(redirected from blackbodies)
Also found in: Dictionary, Encyclopedia.
Related to blackbodies: Black body radiation
Graphic Thesaurus  🔍
Display ON
Animation ON
  • noun

Synonyms for blackbody

a hypothetical object capable of absorbing all the electromagnetic radiation falling on it

Based on WordNet 3.0, Farlex clipart collection. © 2003-2012 Princeton University, Farlex Inc.
References in periodicals archive ?
It remains true that blackbodies are specialized cavities which depend entirely on the nature of their walls [7,9-12, 26,27].
DoD also supported the development of the water bath blackbody and various fixed-point blackbodies to provide source-based radiometric scales.
Robitaille and Crothers also argue that Planck incorrectly includes transmission within the material of the black body when in fact, Robitaille and Crothers claim, absorption must all occur at the surface: "Blackbodies are opaque objects without transmission, by definition" [10, p.
Step 3: To compare model predictions and validate system level calibration measurements, m is determined pre-launch for an end-to-end remote sensing instrument by viewing uniform sources of known radiance, such as well-characterized and calibrated integrating sphere sources and blackbodies. The characterization of integrating spheres and blackbodies using SI traceable standards at NIST has been the hallmark of interaction between NIST and NASA for many of the EOS instruments including the Sea-viewing Wide Field-of-view Sensor (SeaWiFS) and the Moderate Resolution Imaging Spectroradiometer (MODIS) pre-launch sensor level calibrations.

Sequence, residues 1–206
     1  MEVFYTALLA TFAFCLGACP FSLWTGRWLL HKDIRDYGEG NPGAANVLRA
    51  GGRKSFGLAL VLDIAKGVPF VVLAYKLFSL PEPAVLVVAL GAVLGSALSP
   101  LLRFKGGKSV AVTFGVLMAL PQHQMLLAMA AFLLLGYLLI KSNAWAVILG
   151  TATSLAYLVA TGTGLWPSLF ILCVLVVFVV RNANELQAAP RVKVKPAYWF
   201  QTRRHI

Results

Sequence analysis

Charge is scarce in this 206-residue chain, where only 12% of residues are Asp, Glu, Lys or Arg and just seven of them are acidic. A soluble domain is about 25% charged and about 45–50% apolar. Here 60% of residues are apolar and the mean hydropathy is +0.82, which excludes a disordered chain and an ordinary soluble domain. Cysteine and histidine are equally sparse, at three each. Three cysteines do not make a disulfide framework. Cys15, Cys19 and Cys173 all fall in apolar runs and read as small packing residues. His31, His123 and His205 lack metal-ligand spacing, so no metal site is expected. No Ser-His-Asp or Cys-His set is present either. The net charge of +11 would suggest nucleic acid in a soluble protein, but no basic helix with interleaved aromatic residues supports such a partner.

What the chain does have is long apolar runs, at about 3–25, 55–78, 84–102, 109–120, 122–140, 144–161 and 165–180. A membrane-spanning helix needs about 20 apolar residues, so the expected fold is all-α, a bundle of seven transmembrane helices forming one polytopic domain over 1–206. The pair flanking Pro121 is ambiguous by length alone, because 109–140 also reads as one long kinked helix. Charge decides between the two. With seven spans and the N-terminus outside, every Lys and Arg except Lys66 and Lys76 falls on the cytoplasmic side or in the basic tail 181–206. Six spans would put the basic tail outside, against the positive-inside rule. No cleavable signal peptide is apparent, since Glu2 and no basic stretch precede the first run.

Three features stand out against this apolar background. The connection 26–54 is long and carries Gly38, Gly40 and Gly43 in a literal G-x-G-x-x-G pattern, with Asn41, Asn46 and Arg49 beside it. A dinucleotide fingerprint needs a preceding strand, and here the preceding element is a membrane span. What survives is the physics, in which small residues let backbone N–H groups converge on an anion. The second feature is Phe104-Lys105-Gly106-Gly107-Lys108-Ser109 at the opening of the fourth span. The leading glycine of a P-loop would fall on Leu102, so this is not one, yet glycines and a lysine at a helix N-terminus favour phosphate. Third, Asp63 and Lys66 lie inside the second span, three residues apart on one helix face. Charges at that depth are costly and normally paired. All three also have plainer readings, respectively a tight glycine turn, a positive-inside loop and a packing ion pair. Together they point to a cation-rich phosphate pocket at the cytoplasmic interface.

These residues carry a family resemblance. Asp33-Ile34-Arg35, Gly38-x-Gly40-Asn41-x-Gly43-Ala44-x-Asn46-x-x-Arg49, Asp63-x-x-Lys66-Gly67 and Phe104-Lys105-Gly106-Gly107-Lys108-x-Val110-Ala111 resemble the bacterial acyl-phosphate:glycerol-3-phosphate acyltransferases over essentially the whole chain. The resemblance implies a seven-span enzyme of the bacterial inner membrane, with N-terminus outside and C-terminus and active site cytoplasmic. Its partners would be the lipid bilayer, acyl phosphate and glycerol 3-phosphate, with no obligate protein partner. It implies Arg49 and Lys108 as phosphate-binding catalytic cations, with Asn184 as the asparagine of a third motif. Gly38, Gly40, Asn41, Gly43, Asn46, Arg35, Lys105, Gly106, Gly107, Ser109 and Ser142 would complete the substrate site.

Laboratory blackbodies are usually brought to temperature using conduction.
The Optical Technology Division (OTD) at the National Institute of Standards and Technology (NIST) has been developing techniques to calibrate heat-flux sensors using thermal radiation from high-temperature blackbodies. Past calibrations at other laboratories and round-robin experiments demonstrated large differences in the measured responsivity of these sensors.
This remains a significant departure from the other laws of thermal emission [3-6] which have been confirmed through the construction of laboratory blackbodies. In addition, The Law of Equivalence, first formulated by Balfour Stewart [7], has also been confirmed experimentally.
An exploratory study at the National Institute of Standards and Technology (NIST) with a commercial ellipsoidal radiometer showed that the responsivity could be a function of the view-angle when viewing finite aperture blackbodies (3).
In truth, Planck's equation was only valid for laboratory blackbodies constructed from highly absorbing materials.
The Low-Background Infrared (LBIR) facility provides means to calibrate low power thermal-infrared sources (blackbodies).
At the same time, it implies that all materials used to assemble blackbodies will act as Lambertian emitters/reflectors.
Key words: blackbodies; heat flux; sensors; thermal radiation; transfer calibration.
In the laboratory, blackbodies are specialized, heated, and opaque enclosures, whose internal radiation is determined by the Planckian function [2, 3].
It includes skill-building, problem-solving laboratory experiments and lectures on radiometry fundamentals, emissivity, blackbodies, the signal measurement equation, the temperature measurement equation and NIST temperature calibration services.
These materials are known to be very good physical examples of blackbodies in the laboratory [18-21].